Timonen, M., Horrobin, D., Jokelainen, J., Laitinen, J., Herva, A. and Räsänen, P. 2004. Fish consumption and depression: the Northern Finland 1966 birth cohort study. Journal of Affective Disorders. 82(3): 447-452
Posted in Anxiety, Brain, Depression, Docosahexaenoic Acid, Eicosapentaenoic Acid, Fish, Fish Oils, Inflammation, Mood | Comments Off on Omega-3 Fatty Acids To Treat Seasonal Affective Disorder

The Neuroprotective Effects of Polyphenols

Posted in Anxiety, Depression, Mood, Polyphenols | Comments Off on The Neuroprotective Effects of Polyphenols

Chamomile (Matricaria chamomilla): A Source of Apigenin

weight lossChamomile is a medicinal plant with mood enhancing effects. These effects are thought to be due to the presence of flavonoids within the plant tissue. In particular, researchers have shown that chamomile contains apigenin, a flavonoid belonging to the flavone subgroup. Apigenin is found in the free apigenin form and also as apigenin 7-O-glucoside (aligenin bound to a glucose molecule). Apigenin is mainly found in the essential oil of chamomile and has been shown to be relatively heat stable. Chamomile extracts have been reported to contain different ratios of apigenin to apigenin 7-O-glucoside and this may reflect the fact that apigenin glucosides are enzymatically degraded to apigenin in the plant tissues. Therefore plants from different times of the season may contain different ratios of apigenin to apigenin 7-O-glucoside as degradation proceeds. As apigenin is likely responsible for the anxiolytic effects of chamomile, the ratio of apigenin to apigenin 7-O-glucoside may influence the mood elevating effects of the herb.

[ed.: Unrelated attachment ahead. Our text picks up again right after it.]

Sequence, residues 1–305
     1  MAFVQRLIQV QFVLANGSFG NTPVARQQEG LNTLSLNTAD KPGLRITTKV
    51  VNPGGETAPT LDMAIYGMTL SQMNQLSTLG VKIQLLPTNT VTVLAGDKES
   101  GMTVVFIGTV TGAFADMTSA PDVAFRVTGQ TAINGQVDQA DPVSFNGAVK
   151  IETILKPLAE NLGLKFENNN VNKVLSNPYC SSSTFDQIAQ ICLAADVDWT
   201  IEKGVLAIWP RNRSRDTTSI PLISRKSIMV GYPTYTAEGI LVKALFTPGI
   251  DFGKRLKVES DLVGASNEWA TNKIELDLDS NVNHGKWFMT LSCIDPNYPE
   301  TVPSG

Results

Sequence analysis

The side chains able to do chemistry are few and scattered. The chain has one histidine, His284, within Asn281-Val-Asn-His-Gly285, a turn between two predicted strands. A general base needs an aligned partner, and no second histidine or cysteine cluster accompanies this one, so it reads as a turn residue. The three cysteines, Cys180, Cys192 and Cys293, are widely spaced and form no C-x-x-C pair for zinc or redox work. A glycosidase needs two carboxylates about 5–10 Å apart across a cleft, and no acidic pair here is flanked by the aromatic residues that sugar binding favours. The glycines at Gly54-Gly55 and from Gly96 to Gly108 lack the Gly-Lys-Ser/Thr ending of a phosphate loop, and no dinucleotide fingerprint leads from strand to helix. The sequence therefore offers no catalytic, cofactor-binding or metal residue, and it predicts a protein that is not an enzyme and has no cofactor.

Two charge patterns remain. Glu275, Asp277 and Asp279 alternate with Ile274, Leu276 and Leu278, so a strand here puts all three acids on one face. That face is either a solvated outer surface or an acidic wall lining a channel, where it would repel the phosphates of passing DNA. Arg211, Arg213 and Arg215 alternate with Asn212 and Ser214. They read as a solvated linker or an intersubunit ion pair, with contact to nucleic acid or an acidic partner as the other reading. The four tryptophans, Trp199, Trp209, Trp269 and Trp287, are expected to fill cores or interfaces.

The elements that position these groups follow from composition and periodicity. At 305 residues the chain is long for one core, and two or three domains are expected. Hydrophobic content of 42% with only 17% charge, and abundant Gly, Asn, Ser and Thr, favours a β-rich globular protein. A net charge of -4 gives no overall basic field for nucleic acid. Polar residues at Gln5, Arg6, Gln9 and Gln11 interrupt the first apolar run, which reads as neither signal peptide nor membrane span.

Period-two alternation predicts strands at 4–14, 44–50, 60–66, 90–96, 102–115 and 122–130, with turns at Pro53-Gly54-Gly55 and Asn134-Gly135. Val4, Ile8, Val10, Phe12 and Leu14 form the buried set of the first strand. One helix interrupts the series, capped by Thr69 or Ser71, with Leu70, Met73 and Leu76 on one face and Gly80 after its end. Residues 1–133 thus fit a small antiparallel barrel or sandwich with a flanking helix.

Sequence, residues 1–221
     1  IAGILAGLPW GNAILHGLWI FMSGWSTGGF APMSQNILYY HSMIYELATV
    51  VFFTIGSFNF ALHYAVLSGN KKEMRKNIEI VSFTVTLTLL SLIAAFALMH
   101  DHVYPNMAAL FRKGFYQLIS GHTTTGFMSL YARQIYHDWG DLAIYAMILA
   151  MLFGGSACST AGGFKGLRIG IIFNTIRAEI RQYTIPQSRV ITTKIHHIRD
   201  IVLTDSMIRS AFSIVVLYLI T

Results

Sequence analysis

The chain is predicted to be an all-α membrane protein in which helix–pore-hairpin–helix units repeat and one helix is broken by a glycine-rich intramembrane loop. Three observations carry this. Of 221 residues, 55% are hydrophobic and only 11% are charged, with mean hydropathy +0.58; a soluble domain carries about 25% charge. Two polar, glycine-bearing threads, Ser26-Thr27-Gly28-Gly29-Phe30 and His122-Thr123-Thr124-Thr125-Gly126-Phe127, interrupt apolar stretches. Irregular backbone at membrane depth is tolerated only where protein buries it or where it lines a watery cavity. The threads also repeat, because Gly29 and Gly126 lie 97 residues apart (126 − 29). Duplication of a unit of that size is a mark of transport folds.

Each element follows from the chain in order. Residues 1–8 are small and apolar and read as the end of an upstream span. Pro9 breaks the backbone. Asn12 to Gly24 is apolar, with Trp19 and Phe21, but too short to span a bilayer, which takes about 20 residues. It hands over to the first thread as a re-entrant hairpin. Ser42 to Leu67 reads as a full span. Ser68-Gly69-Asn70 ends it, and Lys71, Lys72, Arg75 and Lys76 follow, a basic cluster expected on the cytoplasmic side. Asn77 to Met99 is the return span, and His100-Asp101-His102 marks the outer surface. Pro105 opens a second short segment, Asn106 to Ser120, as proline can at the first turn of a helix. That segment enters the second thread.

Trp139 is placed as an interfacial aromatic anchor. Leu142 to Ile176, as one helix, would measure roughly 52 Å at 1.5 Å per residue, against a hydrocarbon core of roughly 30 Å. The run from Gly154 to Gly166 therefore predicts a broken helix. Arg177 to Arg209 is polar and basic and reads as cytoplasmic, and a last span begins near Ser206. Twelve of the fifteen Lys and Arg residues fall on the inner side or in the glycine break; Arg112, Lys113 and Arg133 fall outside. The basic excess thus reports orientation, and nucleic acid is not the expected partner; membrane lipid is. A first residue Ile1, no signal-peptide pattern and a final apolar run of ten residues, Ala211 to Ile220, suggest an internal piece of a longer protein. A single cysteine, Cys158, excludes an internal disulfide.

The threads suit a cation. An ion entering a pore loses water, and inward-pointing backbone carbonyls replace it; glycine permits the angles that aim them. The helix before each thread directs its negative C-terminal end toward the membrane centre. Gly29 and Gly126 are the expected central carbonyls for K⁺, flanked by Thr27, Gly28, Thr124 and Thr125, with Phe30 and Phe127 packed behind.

chamomile anxiety depression

Chamomile is an effective treatment for mood disorders. Both depression and anxiety respond positively to the administration of chamomile extracts.

As well as apigenin 7-O-glucoside, chamomile contains other acetylated apigenin glucosides in lower amounts but these are unstable and tend to breakdown to form apigenin 7-O-glucoside and then apigenin. Apigenin is thought to confer anxiolytic effects to animals and humans, and these effects are reasonably well reported. However some studies have also shown that apigenin may have antidepressant effects. For example in one study, researchers investigated the antidepressant effects of apigenin in mice. Administration of apigenin was able to attenuate the experimentally induced depression in the animals in a similar manner to the selective serotonin reuptake inhibitor drug fluoxetine. In addition, both apigenin and fluoxetine also decreased the levels of proinflammatory markers in the brains of the mice, suggesting they both exerted anti-inflammatory effects. The authors of the study suggested that the antidepressant effects of apigenin may result from an anti-inflammatory effect in the prefrontal cortex of the mice